There are many South African plants in flower right now and here’s an old favourite of mine with a melodious name – Mackaya bella. It might be a greeting from your gorgeous Italian girlfriend, or perhaps her name.
The ‘bella‘ part is clearly are reference to this plant’s beauty (you’ll recall of course that rather attractive seaweed, Entwisleia bella), while Mackaya celebrates the botanist James Townsend Mackay, founder of Trinity College Botanic Garden in Dublin and author in 1836 of Flora Hibernica (Hibernica being Ireland).
While I don’t think Mackay has anything to do with South Africa or this plant, it was named after him by compatriot William Harvey, who collected plants from the Cape in the 1830s, writing a flora of the region with Otto Sonder (the gentleman who sold my predecessor Ferdinand Mueller 300,000 or so specimens from his massive herbarium).
So as with Entwisle’s beautiful alga, this name can be read as Mackay’s beautiful shrub. Also like Entwisle’s alga, there is only one species in this genus. Although, unlike that algal beauty, there are many more genera in Mackaya’s family, Acanthaceae, such as the Oyster Plant (Acanthus mollis).
The beauty in this plant, also called the Forest Bell Bush, is mostly to do with its flowers. Out of flower it’s a compact shrub or small tree with quite nice dark-green leaves but nothing to earn the epithet ‘bella‘.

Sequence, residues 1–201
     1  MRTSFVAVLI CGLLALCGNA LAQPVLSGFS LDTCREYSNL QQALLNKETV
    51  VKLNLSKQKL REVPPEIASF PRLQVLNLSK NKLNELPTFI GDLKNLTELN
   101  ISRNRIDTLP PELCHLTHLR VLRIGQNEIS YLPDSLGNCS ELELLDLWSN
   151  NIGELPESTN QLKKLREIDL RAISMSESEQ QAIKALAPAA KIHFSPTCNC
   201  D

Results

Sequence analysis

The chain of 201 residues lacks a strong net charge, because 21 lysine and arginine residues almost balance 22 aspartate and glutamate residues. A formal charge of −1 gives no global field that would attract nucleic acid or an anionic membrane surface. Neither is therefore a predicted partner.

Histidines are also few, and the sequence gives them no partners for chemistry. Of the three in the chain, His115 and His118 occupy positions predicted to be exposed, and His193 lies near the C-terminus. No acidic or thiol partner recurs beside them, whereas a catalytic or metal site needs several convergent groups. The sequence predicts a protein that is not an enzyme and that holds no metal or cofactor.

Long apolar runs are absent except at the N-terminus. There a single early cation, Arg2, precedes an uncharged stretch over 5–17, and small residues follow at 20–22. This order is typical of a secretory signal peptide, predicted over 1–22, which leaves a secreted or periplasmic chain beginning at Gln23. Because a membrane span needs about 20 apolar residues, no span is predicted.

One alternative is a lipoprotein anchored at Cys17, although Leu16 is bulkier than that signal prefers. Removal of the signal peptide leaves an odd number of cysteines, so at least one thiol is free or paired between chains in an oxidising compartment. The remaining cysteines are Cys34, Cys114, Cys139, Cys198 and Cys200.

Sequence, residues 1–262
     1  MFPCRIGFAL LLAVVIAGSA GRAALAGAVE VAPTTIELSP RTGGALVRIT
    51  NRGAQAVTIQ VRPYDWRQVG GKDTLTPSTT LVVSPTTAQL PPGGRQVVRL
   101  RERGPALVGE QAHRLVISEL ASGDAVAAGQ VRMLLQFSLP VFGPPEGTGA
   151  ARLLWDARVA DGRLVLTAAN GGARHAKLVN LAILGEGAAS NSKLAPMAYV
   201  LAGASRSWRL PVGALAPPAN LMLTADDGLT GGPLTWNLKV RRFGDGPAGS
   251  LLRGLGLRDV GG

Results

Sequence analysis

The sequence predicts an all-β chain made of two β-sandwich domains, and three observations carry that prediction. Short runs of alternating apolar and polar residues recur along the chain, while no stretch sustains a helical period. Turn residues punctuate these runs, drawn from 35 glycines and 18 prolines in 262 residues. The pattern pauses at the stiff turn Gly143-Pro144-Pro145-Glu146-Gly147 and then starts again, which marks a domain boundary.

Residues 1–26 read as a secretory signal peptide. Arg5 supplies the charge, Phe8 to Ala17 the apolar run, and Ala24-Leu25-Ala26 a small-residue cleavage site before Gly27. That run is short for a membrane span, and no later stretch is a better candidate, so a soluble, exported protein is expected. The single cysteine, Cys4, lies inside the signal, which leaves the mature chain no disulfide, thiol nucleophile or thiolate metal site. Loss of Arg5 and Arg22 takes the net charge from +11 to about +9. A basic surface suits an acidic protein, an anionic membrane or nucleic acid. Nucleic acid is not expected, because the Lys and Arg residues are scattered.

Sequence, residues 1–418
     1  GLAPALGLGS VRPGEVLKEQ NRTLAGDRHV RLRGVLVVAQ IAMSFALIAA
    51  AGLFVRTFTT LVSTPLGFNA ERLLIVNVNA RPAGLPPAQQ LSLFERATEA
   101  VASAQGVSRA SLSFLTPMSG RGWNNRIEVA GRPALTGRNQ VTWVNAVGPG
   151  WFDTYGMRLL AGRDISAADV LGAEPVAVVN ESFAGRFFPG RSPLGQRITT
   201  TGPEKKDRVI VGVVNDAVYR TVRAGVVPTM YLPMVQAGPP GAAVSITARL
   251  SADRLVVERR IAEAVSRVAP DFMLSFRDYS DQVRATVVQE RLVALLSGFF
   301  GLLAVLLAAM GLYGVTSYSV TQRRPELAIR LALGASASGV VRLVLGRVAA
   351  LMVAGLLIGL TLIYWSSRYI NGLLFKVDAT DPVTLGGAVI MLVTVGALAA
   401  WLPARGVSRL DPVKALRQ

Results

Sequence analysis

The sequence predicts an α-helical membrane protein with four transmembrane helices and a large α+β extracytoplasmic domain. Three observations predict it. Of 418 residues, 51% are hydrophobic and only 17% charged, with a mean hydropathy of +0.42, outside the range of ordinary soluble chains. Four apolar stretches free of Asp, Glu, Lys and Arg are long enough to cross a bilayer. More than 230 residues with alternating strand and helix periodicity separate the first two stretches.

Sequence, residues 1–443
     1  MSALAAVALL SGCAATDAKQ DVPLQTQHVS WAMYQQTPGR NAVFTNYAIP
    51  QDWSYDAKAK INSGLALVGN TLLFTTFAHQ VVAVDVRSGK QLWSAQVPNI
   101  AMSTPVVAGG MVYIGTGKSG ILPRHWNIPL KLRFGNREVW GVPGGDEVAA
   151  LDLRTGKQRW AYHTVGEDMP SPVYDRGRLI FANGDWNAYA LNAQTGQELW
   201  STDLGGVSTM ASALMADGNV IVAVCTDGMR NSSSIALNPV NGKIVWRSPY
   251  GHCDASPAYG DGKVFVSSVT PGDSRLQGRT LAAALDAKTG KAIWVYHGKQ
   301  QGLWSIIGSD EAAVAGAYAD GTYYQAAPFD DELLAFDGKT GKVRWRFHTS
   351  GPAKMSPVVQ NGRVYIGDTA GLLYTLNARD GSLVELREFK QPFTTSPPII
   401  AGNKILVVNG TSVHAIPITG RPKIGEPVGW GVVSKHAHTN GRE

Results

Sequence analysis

A curious, but perhaps not particularly beautiful, characteristic of these leaves is an occasional ‘hairy pocket’ on the undersurface, where the veins in the leaves connect. This is a picture I took back in my office using a small magnifying lens attached to my phone…
It’s actually a little dimple, which you can see poking through as pimple-like projections on the upper surface in this next picture.
I’m presuming these pockets provide homes to insects that on the whole are beneficial to the plant. Certainly the flowers attract plenty of insect visitors, including most notably in South Africa, the Blue Pansy Butterfly.
And it’s the veins that deserve mention here as well. In the flowers, the beautiful flowers, the petals like a thin parchment or membrane etched with purple veins.
They say, and it seems to be true in Melbourne Gardens, it does best in shade but flowers more with sun. It’s clearly a tough plant and one that we use a bit as a filler around the botanic gardens, but odd that it isn’t in more gardens. Perhaps that’s because it’s considered ‘rather old fashioned’. Climate change may well bring it back into fashion but could also encourage its potential as an environmental weed (it is already one in New Zealand).